Editor’s note: Campfire Scripture: Bible verses every week day followed by a short manful devotional. For sitting around the campfire (or thinking about sitting around the campfire).
Uncommon scriptures full of manly wisdom, inspiration and hard truth.
So whip up a cuppa, rest your head on red gum stump and enjoy.
Book Author and Date:
Isaiah, the preeminent, well educated, Old Testament prophet. Isaiah prophesied in Judah from 739-686 B.C. during a time of economic prosperity and spiritual decline in Judah.
Sovereignty, Power, Good-vs-evil, Victory, Battle.
Chapter 27 follows a lengthy series of judgement prophecies against nations that have turned their hand against Israel and then one pronouncing judgement on the whole earth. It then follows this up by proclaiming the Lord’s favour, protection and deliverance of Israel. Chapter 27 marks the beginning of the passage of deliverance.
What I Reckon:
When Christ declared that he came not to bring peace but a sword, this sword was a metaphor for division. In the above passage from Isaiah, the sword is definitely a sword. Leviathan is a fearsome sea creature. It’s possible that this verse is dramatically portraying the power of God allegorically with leviathan being a creature that overpower’s man, but is nothing against the Lord.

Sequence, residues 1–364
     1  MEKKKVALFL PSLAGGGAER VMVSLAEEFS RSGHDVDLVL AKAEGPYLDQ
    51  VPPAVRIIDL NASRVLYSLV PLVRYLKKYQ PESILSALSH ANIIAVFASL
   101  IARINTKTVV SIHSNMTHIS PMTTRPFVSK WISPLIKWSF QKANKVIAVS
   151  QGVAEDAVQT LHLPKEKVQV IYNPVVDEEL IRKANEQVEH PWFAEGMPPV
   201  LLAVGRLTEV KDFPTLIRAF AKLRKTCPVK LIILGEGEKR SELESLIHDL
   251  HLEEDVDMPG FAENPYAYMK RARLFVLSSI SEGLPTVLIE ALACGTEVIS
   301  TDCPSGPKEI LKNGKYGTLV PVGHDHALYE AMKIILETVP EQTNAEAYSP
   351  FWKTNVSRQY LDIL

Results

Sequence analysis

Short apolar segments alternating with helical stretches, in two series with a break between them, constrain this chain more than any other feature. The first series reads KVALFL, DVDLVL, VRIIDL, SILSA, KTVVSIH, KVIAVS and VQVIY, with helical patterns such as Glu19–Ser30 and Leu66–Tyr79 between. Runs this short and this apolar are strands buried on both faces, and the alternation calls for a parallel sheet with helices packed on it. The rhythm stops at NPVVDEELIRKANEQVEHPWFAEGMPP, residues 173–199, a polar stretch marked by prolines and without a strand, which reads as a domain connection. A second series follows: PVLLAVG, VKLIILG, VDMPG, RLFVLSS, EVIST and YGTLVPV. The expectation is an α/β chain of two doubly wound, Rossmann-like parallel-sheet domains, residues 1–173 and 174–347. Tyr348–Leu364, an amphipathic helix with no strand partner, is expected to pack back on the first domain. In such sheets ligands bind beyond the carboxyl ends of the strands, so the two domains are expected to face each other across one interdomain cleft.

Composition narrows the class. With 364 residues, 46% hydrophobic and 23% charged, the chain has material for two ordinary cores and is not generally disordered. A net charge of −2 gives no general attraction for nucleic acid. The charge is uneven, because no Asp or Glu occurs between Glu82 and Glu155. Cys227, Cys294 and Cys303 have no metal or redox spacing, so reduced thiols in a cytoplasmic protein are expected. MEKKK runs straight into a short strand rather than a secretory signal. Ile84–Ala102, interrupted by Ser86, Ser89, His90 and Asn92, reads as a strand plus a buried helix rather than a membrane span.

Certainly there is symbolism there that paints a picture of our utter dependence on the Lord. But there’s really no reason to think that it’s not describing a literal event where the Lord slay’s a mighty sea serpent (don’t forget about the dragon), unless you just don’t believe in such things. But my childlike fantasy and my unwillingness to read in allegory where it’s not absolutely necessary believes otherwise.
Other than that this is just another sweeping epic; one of many in scripture. A biblical picture of our Almighty God vanquishing the forces of evil with his ‘fierce and great and mighty sword’ (I love the grammar here, with the two ‘and’s, really punchy). Leviathan here is fleeing. Whatever this creature was/is it was obviously a terror to behold, yet here it is fleeing from our all-powerful God.
These biblical adventures make me feel like a kid again, reading stories of mighty hero’s slaying powerful and dangerous creatures. Just great fun to read and a great picture of the infinite power and might of God. Go up and read that verse again one more time before you click the link to the previous article.
Let it fill your imagination with Godly power.
All Campfire Scripture passages are taken from the New American Standard Bible, unless otherwise stated.
John MacArthur, 2006, The MacArthur Study Bible, New American Standard Bible (1995 edition).